Symptomatic - The Little Unsaid
We have been a massive fan of our next LCM featured artist for a few years now. He is a multi-instrumentalist, producer, master of the loop station, superb songwriter, arranger and vocalist.....and he often plays with a great string section as well. West Yorkshire born and London based John Elliott is better know by his moniker The Little Unsaid and we are thrilled that he is releasing his new album 'Imagined Hymns and Chaingang Mantras' shortly. John is one of my favourite live performers with the 'wow' factor and the wonderful news is that he is heading for an intimate show at the Green Note on 12th January. As a taster of the new album our LCM #TrackOfTheDay is the sublime 'Symptomatic'.
For John Elliott, the beating heart behind 'The Little Unsaid', the so-called traumatic experience brought life and his music career to a standstill. After being diagnosed with post-traumatic stress disorder at the end of a year of ongoing personal trauma, he gradually returned to songwriting as a means of recovery.
One year on, after a return to a relentless touring schedule, he was back in the studio with his band, working on songs that distilled this search for meaning in trauma in to a new album. Recorded with Jonny Greenwood’s producer and Radiohead engineer Graeme Stewart, the eleven hauntingly personal songs that make up 'Imagined Hymns & Chaingang Mantras' – funded via Pledge Music and the band’s stalwart fan base - celebrate the reawakening of love and the imagination after emerging from a psychological crisis.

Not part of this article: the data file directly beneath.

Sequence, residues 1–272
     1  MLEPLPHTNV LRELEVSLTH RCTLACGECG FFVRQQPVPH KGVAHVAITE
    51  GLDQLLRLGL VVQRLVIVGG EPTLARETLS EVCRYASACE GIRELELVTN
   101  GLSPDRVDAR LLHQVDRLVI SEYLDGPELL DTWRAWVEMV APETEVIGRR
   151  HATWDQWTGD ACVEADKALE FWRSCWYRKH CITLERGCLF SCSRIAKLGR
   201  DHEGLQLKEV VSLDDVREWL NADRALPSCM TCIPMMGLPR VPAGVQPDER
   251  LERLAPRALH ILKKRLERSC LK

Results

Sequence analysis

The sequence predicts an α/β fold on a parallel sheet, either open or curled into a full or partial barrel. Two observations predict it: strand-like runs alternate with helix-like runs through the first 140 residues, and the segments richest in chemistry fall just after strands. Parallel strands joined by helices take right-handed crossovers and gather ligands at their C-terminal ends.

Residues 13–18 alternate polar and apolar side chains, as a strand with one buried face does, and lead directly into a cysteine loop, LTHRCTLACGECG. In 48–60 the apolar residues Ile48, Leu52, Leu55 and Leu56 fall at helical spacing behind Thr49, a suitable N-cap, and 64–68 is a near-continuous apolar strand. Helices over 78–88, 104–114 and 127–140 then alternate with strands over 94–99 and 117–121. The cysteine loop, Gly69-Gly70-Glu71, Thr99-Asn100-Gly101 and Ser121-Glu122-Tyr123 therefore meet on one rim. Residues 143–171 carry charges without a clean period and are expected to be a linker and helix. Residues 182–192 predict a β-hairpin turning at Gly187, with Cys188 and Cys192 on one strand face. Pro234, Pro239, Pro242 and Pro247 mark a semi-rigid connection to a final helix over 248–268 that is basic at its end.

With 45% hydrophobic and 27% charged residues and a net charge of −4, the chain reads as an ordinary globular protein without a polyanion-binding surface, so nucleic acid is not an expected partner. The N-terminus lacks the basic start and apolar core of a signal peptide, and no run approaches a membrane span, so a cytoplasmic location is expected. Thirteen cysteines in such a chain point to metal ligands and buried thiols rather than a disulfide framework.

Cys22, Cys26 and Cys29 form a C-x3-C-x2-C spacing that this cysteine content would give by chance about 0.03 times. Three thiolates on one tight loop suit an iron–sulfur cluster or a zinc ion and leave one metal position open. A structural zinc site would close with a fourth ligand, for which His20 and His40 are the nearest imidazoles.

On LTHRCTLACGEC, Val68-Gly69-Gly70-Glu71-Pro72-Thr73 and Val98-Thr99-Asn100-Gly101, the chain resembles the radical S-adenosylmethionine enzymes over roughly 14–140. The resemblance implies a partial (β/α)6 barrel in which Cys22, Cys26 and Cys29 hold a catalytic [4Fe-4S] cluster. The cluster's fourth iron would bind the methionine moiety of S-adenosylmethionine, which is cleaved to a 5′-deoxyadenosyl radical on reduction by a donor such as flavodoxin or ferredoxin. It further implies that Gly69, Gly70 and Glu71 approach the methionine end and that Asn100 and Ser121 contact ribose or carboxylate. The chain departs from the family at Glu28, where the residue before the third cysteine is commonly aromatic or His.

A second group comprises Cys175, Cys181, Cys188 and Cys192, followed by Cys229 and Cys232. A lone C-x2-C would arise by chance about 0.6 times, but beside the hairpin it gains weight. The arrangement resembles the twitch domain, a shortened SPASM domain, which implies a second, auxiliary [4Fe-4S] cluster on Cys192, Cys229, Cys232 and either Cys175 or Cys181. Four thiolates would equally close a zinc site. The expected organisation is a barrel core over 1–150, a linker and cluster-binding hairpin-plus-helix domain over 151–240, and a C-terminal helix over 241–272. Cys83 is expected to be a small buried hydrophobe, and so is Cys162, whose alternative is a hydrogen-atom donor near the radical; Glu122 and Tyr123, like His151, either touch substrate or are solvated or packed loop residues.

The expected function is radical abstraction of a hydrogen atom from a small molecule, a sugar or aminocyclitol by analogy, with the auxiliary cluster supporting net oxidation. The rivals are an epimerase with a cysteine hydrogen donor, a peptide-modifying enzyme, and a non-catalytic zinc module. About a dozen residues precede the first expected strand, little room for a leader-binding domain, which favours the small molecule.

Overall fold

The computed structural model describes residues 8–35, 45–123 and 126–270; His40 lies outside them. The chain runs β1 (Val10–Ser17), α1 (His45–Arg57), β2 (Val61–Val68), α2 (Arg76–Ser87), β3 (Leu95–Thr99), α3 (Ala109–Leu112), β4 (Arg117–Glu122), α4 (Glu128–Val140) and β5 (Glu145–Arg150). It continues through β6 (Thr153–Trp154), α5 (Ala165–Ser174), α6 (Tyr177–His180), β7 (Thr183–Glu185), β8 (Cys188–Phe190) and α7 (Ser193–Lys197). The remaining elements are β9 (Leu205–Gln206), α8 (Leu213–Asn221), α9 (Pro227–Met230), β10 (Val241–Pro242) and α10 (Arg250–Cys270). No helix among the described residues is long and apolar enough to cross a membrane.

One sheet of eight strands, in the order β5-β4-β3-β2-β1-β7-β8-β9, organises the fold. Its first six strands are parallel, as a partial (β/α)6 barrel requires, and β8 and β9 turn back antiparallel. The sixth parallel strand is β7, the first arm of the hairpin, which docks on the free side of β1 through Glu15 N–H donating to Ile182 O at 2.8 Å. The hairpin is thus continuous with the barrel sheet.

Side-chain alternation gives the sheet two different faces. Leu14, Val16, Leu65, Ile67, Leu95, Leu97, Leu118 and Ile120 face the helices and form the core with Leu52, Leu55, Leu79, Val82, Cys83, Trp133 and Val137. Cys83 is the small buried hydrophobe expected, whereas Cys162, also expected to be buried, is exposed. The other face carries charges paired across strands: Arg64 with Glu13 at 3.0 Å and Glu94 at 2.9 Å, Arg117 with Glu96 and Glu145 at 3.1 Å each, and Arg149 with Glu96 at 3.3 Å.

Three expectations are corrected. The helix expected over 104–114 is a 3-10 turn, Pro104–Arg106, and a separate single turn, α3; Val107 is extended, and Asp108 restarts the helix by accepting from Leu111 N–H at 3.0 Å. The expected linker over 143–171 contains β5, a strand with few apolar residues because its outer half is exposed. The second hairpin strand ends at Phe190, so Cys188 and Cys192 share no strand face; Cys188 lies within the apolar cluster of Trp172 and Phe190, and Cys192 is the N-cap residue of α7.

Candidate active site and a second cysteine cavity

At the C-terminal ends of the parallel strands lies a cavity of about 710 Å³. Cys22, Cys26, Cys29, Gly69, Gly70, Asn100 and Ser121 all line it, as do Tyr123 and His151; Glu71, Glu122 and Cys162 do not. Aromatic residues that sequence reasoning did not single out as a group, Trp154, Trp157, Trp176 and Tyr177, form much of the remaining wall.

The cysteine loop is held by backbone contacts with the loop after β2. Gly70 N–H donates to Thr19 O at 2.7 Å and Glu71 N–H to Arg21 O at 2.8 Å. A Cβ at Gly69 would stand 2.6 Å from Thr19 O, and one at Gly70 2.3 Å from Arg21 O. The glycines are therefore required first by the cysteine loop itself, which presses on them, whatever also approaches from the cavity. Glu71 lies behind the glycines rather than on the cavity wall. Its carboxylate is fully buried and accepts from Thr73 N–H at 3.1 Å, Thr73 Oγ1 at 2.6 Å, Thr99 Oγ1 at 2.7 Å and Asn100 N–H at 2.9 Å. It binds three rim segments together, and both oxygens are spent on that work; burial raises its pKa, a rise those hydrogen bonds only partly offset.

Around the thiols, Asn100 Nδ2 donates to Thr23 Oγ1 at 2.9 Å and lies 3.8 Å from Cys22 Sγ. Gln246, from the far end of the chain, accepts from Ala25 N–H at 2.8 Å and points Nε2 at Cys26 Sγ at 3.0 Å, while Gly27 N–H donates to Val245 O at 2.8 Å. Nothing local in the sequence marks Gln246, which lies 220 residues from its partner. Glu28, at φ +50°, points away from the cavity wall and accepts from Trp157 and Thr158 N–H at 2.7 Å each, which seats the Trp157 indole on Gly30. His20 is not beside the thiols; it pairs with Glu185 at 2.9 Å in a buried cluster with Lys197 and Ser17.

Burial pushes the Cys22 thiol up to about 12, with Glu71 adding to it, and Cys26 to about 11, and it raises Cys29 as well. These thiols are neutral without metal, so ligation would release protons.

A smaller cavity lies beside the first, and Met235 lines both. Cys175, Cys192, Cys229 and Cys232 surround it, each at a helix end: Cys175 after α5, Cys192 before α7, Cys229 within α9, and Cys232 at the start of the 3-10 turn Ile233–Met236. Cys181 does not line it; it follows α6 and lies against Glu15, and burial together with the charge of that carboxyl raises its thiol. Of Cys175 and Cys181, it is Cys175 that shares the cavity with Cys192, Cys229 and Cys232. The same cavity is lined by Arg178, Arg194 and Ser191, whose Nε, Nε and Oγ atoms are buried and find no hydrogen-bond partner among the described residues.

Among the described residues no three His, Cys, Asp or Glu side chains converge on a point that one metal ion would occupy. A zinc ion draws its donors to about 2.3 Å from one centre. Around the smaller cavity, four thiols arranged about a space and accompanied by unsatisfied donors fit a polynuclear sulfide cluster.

Combining minimalist electronics, cinematic strings, hypnotic piano loops and Elliott’s androgynous vocals, the leading single Symptomatic sees the band refining what Dots and Dashes has called their ‘giddying conflation of folk, electronica and lavish orchestration…one of the supposed genre’s grandest successes thus far.’ Elliott’s sparsely poetic lyrics depict a person grieving the sudden return of their inner demons after convincing themselves they were ‘out of the woods.’ “It’s a melancholy tune, but as with all the songs on the album I’d like to think there’s always a flicker of hope in that darkness. In this case it’s the idea of letting someone in to accept and even love the side of yourself that still suffers from those old wounds, and the relief when that person doesn’t run away screaming.”
Having sold out their last three shows in London and played to increasingly packed venues across the UK, Elliott and the band will continue to build their reputation as a must-see live act during their upcoming winter tour, with performances described as sliding between Nick Cave-esque fury and the tender sincerity of Leonard Cohen. “For us it’s all about chasing those moments of magic that occur in a room when the music and the energy of an audience creates sparks. The search for that magic is a constant driving force in how we deliver these songs, because it’s the purest reminder that we all suffer, that everybody is dealing with their own inner struggles and so many of us are just trying to keep it together from one moment to the next. There’s unity and there’s joy in that realisation, I think - in us recognising each other’s pain and dancing together wildly in the face of it.”